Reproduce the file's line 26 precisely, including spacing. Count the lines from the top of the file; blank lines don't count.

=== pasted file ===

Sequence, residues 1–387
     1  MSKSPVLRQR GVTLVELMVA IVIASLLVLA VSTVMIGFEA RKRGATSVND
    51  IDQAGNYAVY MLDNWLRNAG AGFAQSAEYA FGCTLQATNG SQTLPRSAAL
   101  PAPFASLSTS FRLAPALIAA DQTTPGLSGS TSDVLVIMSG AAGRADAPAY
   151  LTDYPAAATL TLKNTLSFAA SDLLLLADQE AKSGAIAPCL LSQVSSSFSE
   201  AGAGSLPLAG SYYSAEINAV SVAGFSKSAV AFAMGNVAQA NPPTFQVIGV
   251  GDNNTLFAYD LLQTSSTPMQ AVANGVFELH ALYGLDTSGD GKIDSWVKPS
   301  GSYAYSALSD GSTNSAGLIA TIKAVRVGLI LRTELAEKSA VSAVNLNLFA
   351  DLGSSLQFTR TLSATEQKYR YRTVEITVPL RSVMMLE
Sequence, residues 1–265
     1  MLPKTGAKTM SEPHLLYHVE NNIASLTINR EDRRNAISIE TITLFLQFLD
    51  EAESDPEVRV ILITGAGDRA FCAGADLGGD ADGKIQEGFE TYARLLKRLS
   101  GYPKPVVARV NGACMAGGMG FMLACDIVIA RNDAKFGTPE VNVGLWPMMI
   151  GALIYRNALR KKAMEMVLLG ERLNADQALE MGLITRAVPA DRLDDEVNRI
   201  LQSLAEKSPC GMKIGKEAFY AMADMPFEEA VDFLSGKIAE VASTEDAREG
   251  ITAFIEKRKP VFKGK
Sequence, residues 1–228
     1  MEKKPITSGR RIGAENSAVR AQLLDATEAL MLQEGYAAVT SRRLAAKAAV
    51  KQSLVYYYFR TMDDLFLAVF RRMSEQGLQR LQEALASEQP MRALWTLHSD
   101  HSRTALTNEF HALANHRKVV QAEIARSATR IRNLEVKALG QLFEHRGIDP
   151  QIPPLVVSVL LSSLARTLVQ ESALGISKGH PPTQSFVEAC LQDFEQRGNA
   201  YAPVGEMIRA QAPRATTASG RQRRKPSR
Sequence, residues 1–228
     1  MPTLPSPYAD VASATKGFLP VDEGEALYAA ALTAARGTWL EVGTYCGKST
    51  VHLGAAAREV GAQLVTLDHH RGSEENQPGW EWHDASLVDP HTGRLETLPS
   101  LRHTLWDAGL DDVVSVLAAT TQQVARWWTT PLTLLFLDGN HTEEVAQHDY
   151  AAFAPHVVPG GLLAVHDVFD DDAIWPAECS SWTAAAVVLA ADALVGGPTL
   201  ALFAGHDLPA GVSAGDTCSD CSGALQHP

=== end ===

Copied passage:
   101  LRHTLWDAGL DDVVSVLAAT TQQVARWWTT PLTLLFLDGN HTEEVAQHDY